Singapore today is green, efficent, modern, and full of regulations backed up with heavy penalties. Most of these laws I agree with, even though many appear rather petty: you can be fined for not flushing a public toilet - not a huge issue, really, but fair enough. You can be fined heavily for littering - good, I say. You can be fined for jaywalking - a trifle pedantic but not unique to Singapore. Given that Singapore's population is 67% Chinese, and that gobbing everywhere is acceptable in most Chinese cultures, I think it's a great idea to ban the practice, which they have done. I do suspect that the phenomenal success of the country could have been achieved without quite such a harsh judiciary and so many petty regulations, but others may disagree.

Alas, by extension, the seemingly amusing laws listed above extend beyond the petty into the severest punishments for some transgressions. I don't want to go into too many details, but the last time I was here I stayed with some expatriate friends of mine, a couple, and we were meant to stay with them again. Alas, they recently got entangled with Singapore's laws, and one of them had to flee the country, while the other ended up doing a three-week jail term, and was deported. They had lived here for twelve years, and owned their own business, as well as an art show, all of which is now lost. Even worse, they had been contributing to Singapore's "provident fund" for all this time - a compulsory savings scheme of 20% of earnings, backed up by 20% from the employer, that can be applied for to contribute to housing, education, health, etc. but is given as a lump-sum to departing expats - and they lost the lot. A tragic tale of the strictness of the law here, that has upset me greatly, though the alleged transgressions indicates a certain recklesness, or naïveté, on their part.

The day after we arrived, we caught the MRT (Mass Rapid Transit), which beats Hong Kong's superb MTR hands-down in speed, frequency, cleanliness and quality (sorry Hongkers mon amour) to Sentosa, the quirky little island resort to the south of Singapore island. Singapore is safe, and Sentosa is even safer. It's my impression that Singaporeans desire safety above all else - we were talking about house prices to a couple of Singaporeans, and I asked how much an apartment would be in a bad area. As one, they both said "there are no bad areas". This is laudable, but also leads to slight unworldliness. Sentosa looks like it's run by the Disney corporation, and in some places the beaches are composed of sand imported from Indonesia - and sterilised first.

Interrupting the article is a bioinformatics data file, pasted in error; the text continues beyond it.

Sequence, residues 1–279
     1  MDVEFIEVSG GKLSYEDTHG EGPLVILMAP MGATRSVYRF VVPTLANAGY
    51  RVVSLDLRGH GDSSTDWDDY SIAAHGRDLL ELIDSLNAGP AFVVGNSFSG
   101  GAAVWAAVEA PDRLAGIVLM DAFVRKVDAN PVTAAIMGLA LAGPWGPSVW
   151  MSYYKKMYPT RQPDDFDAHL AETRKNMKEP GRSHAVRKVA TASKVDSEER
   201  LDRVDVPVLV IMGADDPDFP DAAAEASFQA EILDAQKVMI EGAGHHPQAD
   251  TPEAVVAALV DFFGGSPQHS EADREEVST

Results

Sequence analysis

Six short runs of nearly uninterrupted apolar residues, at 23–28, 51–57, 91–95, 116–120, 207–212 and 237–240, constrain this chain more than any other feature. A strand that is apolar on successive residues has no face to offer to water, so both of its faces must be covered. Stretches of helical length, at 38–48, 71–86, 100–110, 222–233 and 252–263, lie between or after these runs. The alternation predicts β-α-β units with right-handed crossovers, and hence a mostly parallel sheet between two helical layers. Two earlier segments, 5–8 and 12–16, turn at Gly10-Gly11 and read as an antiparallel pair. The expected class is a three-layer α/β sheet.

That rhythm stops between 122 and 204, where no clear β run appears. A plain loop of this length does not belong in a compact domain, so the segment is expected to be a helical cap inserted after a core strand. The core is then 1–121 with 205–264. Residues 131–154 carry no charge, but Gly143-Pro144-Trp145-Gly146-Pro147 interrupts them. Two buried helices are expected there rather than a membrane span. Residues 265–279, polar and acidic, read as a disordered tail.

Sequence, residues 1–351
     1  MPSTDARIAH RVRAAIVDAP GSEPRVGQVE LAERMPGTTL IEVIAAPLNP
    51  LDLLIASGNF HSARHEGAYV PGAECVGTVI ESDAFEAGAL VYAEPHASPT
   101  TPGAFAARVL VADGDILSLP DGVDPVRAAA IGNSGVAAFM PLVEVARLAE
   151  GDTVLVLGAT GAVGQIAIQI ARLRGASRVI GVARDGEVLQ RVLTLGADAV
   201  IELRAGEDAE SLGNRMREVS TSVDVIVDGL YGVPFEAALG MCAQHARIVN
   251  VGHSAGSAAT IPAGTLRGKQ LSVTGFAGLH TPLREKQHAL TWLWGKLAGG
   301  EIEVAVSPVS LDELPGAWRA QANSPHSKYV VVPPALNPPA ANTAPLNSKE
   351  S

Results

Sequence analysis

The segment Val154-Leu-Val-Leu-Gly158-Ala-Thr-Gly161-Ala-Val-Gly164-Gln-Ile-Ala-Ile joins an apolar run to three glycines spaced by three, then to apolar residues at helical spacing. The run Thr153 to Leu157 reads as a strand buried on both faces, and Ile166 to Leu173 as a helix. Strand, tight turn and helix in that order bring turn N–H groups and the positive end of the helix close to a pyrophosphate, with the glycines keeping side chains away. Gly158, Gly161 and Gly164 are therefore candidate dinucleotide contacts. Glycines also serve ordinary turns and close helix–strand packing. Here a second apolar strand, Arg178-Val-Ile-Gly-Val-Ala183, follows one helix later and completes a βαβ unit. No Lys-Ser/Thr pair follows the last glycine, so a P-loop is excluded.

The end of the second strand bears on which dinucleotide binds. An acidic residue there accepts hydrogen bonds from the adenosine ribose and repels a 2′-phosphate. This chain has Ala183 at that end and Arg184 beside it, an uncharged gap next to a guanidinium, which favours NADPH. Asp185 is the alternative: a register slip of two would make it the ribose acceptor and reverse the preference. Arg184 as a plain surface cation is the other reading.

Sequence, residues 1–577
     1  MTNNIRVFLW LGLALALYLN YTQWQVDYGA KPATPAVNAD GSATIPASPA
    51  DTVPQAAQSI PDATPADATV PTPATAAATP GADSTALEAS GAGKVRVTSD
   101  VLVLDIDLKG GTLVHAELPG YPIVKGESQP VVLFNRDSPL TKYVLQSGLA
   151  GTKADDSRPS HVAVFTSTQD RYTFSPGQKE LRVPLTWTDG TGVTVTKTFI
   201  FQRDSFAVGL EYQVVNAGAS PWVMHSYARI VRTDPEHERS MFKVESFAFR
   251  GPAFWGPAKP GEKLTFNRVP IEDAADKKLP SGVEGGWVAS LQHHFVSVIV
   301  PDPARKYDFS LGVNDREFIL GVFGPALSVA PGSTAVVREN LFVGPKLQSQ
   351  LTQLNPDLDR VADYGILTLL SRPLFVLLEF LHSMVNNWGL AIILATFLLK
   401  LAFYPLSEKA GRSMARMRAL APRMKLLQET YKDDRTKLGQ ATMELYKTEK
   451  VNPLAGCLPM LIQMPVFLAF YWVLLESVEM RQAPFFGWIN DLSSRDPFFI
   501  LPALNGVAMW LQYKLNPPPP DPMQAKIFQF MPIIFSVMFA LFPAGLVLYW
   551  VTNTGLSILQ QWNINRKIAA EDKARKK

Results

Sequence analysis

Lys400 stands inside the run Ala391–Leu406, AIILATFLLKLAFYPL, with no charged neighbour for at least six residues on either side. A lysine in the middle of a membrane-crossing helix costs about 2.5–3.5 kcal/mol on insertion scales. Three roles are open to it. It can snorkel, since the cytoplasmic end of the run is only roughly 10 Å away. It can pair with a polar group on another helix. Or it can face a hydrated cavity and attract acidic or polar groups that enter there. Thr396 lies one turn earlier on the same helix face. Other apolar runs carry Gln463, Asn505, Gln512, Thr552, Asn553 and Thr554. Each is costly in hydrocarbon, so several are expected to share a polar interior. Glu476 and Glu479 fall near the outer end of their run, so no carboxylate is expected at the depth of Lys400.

There in Sentosa we visited the aquarium, which is very interesting indeed, and includes a travelator ride down a glass tunnel through the shark tank. Our ticket included a dolphin show, featuring the endangered Asian pink river dolphins, which was unutterably cheesy, and we were even more cheesy, and paid S$10 (€5) to do this:

We then went to the utterly charming Boat Quay, which in my opinion should be forced on all town planners during their training - 'How to Utilise Urban Waterscapes 101' - it's a long strip of bars and restaurants, pedestrianised, with chairs and tables right on the water's edge. Adjacent Clarke Quay is of the same nature, though slightly more developed, with strange seating pods in which to sit while dining or drinking. There our obsession with pool took us into a Boat Quay pool-and-karaoke bar, where we met Muthu, who turned out to be a tremendously fascinating man, of whom I shall write more.